Co-Optimus - Review - Borderlands Co-Op Review


  • Online Co-Op: 4 Players
  • Couch Co-Op: 2 Players
  • LAN Co-Op: 4 Players
  • + Co-Op Campaign
  • + Co-Op Modes

Borderlands Co-Op Review - Page 2

Yes it fires 3 rockets at once and yes it burns people.  But I bet I can find a better one.

All of this stuff lives within a world that is, for the most part, open. You can go just about anywhere your level lets you, pick up quests from NPCs, and make your way through the world of Pandora. The quests for the most part are your standard kill this guy, collect that stuff type, which in a shooter is to be expected. Thankfully the game spices it up a bit with some humor for the quests like trying to find a guys leg that was eaten by Skags or looking through dumpsters for dirty magazines. If you've seen the webisodes with the little robot Claptrap, you'll be happy to know there are many Claptraps placed throughout the world of Pandora, all with an equally edgy sense of humor and a strong desire to dance.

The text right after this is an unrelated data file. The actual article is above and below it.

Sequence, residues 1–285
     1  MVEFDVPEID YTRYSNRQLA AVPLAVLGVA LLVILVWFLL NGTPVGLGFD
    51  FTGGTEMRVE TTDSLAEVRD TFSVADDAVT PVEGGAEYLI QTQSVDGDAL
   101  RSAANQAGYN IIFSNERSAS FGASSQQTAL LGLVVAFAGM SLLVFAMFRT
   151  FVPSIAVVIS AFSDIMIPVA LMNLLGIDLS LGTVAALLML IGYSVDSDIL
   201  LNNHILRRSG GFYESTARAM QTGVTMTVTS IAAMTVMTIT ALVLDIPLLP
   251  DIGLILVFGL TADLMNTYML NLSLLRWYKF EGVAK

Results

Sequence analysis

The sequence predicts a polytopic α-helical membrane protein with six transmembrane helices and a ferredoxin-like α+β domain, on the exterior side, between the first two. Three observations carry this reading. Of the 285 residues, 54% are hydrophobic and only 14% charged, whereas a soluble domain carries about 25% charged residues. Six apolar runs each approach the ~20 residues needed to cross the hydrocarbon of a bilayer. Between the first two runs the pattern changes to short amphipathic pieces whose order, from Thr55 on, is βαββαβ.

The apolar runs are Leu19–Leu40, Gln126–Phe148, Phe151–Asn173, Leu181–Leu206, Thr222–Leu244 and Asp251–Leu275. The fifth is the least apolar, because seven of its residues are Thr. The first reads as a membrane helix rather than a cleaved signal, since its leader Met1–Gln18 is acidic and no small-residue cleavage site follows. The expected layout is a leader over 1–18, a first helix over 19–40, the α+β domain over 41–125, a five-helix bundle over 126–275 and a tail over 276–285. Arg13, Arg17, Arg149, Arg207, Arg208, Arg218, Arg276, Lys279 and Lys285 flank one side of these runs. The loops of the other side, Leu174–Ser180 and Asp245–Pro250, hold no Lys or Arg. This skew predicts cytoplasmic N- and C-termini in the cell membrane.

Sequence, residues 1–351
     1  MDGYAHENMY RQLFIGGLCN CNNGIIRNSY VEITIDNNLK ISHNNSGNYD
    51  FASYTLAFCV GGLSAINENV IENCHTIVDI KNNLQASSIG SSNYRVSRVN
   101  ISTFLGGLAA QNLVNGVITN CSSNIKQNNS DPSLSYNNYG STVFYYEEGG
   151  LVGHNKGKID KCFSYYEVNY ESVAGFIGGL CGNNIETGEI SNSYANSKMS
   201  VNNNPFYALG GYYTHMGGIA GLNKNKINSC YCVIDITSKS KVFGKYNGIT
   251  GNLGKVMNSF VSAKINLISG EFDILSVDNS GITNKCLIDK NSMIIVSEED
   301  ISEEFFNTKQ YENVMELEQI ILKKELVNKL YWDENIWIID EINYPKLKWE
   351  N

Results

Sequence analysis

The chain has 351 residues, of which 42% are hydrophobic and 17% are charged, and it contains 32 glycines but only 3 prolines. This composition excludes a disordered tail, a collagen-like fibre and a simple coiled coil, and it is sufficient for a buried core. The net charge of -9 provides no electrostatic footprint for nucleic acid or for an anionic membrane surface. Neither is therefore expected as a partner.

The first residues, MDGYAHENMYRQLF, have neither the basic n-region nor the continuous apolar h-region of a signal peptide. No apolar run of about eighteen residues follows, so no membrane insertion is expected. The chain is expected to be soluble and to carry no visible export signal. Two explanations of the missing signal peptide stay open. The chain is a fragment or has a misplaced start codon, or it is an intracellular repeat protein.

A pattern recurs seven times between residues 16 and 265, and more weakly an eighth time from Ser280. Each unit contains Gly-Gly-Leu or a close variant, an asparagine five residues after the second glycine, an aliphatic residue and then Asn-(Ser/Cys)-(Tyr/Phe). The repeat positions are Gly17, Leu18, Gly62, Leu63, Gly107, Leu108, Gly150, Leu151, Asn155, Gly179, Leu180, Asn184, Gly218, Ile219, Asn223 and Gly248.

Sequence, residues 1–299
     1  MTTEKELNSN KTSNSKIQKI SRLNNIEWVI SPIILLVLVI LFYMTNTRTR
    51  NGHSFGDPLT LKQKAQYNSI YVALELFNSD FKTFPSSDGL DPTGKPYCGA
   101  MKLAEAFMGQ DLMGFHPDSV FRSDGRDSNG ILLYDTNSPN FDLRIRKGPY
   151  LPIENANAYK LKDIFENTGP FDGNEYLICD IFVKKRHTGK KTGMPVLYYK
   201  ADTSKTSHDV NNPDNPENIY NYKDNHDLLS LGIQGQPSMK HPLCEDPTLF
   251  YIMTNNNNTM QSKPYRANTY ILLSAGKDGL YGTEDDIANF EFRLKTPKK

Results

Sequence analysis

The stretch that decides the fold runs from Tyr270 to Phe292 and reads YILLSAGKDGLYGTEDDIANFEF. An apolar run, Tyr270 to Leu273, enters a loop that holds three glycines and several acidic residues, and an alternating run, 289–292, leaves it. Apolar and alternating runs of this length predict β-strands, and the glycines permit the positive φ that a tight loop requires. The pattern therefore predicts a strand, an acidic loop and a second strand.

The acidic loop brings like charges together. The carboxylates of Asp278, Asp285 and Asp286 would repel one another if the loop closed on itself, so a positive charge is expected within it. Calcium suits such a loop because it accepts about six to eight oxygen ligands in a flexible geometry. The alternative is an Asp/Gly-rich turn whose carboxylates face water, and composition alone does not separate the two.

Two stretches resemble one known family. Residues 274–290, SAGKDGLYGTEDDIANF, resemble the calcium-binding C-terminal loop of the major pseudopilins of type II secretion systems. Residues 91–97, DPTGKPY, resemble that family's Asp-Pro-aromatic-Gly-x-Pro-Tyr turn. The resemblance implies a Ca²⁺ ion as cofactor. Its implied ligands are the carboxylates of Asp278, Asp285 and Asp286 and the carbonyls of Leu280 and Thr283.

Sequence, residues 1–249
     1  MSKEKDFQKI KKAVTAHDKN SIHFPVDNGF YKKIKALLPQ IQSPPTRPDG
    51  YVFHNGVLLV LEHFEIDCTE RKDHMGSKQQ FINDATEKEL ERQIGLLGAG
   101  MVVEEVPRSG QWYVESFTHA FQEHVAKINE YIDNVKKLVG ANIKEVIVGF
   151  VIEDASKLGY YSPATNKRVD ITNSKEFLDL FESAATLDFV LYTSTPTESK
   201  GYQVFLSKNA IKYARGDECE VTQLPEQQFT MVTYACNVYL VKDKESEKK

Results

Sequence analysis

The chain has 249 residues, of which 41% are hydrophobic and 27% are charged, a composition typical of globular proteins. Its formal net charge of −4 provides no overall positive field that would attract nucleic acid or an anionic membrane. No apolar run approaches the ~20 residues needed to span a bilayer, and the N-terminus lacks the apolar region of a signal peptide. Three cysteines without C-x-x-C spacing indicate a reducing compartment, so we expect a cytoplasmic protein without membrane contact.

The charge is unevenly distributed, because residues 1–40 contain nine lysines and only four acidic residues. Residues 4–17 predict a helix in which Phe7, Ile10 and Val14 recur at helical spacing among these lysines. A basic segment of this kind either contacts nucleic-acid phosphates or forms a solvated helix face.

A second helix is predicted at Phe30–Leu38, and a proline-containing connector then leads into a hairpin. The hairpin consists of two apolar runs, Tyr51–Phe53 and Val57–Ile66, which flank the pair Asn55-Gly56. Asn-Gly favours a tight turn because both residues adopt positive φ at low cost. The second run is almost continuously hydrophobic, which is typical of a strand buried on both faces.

Throughout the world you'll encounter wildlife, bandits and soldiers. These characters all scale in difficulty according to your level and all inhabit different areas throughout the world. Each is named according to how tough they are, and while screaming midgets with axes are something to fear, when you see the words badass beserker you know you're in for a tough battle. All of these creatures are guided by bosses, and there's plenty of boss battles in the game, and some of these bosses are incredibly large in scale.

All of this culminates with the game's seamless online cooperative mode. Four players can drop in and out of games with friends at anytime to help them with their quests. The game will scale enemy numbers and difficulty, as well as provide better loot. There is one stipulation, if you join a game with a character that is ahead of you as the host - you won't get credit for quest completions in your own game, though you can still earn achievements. Only if the character is behind you or at the same spot will you get credit, so you may need to switch up hosts to make sure the lowest level character is hosting. Players aren't tethered to each other, except by the zone, so teams of four can split 2 and 2 and go off and do quests in a zone to make quick work to get things up to speed. Borderlands also supports a two player split screen mode, with a horizontal split on 4:3 TVs and a vertical split on widescreens.